• Haiku Generation - Kind of a silly one, but I always thought it was an interesting idea. Syllable counting could be done with the CMU pronouncing dictionary. Should be a lot of fun, if not particularly useful.
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Just wanted to say that I love your second idea. It looks like it has everything to do with NLP. It seems very interesting to me. IMO, I would go with this one, for sure. But you should also consider the one that attracts you more and not only opinions of others.

As for the language to choose, I think you should choose the one that you are more comfortable with. I'm not familiar with libraries but I've seen many NLP things done in Python and Java.

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2  
I second bruno's sentiment. This really would be a neat thing to see with a sizable corpus and web frontend. –  Richard Simões Nov 24 '09 at 23:10

Use the twitter API's to pull all the tweets from a social conversation and combine\summarize\publish the content as a essay\article\blog\etc that someone can read in one piece. Correlate concepts and ideas, expand references, improve grammar. Kind of like bettween.com but souped up with NLP.

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I would buy lots of beer for someone who could write an app that turns most tweets into intelligible sentences. –  jason Nov 25 '09 at 16:28

1 - What would be great for me is when you review academic papers and i need to know which part of the work is: -completely original -what is purely copy/paste -what is a pure paraphrase -what is saying exactly the opposite of a previous reference. Ideally, it would check the references inside the paper + all the previous work of the authors (and may check citeseer to look for references which have been potentially omitted -voluntarily-). That would be really useful.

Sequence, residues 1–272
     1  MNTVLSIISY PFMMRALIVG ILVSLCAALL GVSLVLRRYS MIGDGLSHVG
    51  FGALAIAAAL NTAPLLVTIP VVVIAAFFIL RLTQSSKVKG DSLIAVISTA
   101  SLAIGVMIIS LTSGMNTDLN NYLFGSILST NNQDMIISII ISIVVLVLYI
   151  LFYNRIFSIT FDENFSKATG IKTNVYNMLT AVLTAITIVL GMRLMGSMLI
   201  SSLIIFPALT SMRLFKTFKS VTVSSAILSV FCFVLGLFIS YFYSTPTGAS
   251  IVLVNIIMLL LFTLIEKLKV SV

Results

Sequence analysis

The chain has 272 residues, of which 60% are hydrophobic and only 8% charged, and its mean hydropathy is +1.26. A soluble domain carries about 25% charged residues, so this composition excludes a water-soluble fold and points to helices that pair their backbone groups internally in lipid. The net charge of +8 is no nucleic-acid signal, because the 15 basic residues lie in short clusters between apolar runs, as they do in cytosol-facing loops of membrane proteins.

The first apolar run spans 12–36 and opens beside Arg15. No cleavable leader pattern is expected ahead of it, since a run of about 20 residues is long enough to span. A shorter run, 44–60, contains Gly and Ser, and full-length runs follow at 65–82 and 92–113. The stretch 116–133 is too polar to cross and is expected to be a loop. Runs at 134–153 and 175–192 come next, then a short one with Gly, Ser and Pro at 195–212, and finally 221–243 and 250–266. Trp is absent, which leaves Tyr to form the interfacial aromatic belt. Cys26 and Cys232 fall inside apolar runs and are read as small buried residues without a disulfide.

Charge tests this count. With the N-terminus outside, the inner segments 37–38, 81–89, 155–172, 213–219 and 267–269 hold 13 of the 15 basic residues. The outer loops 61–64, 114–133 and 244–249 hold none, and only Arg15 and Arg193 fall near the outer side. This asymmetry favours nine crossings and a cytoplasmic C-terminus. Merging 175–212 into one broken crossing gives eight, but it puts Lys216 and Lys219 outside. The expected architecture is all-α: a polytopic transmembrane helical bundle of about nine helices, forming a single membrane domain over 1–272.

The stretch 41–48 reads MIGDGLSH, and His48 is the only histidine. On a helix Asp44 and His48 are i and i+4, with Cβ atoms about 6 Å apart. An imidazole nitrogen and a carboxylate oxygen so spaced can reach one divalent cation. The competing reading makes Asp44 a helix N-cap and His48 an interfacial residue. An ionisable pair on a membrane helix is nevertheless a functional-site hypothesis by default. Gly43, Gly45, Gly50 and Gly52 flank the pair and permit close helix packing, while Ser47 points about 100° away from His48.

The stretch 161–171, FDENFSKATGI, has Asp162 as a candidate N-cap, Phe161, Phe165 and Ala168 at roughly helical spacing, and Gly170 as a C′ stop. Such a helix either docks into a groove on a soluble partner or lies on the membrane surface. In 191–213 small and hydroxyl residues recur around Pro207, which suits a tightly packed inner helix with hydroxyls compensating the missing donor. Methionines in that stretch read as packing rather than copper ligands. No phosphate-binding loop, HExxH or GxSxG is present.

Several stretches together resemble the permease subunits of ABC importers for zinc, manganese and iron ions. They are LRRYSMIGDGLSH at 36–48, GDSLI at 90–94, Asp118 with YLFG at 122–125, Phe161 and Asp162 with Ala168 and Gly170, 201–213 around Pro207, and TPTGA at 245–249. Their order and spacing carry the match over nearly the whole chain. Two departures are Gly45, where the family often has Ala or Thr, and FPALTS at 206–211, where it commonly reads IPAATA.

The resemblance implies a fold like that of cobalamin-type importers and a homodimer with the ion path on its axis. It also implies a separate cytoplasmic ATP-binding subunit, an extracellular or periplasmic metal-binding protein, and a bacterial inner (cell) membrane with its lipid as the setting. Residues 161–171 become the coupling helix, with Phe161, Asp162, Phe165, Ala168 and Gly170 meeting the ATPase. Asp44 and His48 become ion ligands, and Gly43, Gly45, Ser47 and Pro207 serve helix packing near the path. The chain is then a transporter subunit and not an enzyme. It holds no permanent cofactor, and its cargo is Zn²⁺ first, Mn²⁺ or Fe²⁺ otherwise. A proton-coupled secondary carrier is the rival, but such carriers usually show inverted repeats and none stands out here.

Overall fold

2- I would like a tool checking all the questions in SO, looking for the same kind of questions with a bunch of responses and generating a response that may be adequate.

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Your proposal #2 has already been implemented and cannot be improved - it's called "Jon Skeet". –  vzwick Sep 15 '12 at 23:30

1a. script that scans facebook... How do you plan on defining 'obnoxious'. that sounds pretty difficult.

2a. similarity. syntax and semantics, and other 'linguisticy' stuff sounds difficult. people have done this sort of thing with other more numerical methods with great success though, for example using the singular value decomposition. i think that this method has also been incorporated into software used to check for plagiarism. this method is also often referred to as latent semantic analysis or latent semantic mapping.

svdlibc: http://tedlab.mit.edu/~dr/svdlibc/

1b. fsm stuff. im not sure what you mean by 'proving that a transducer is minimal'. this is a pretty standard operation and is included in pretty much any toolkit you might encounter. if you are interested in fsms, take a look at the